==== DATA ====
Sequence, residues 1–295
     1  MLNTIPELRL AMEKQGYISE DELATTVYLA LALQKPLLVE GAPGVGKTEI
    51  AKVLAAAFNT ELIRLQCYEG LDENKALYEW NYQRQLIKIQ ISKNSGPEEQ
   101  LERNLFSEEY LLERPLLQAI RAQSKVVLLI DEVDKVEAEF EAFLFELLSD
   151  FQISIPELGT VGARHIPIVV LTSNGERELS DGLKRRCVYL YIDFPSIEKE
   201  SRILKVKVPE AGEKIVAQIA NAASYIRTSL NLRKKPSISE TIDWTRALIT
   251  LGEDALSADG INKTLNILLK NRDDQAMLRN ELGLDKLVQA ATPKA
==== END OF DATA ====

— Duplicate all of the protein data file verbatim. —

Sequence, residues 1–295
     1  MLNTIPELRL AMEKQGYISE DELATTVYLA LALQKPLLVE GAPGVGKTEI
    51  AKVLAAAFNT ELIRLQCYEG LDENKALYEW NYQRQLIKIQ ISKNSGPEEQ
   101  LERNLFSEEY LLERPLLQAI RAQSKVVLLI DEVDKVEAEF EAFLFELLSD
   151  FQISIPELGT VGARHIPIVV LTSNGERELS DGLKRRCVYL YIDFPSIEKE
   201  SRILKVKVPE AGEKIVAQIA NAASYIRTSL NLRKKPSISE TIDWTRALIT
   251  LGEDALSADG INKTLNILLK NRDDQAMLRN ELGLDKLVQA ATPKA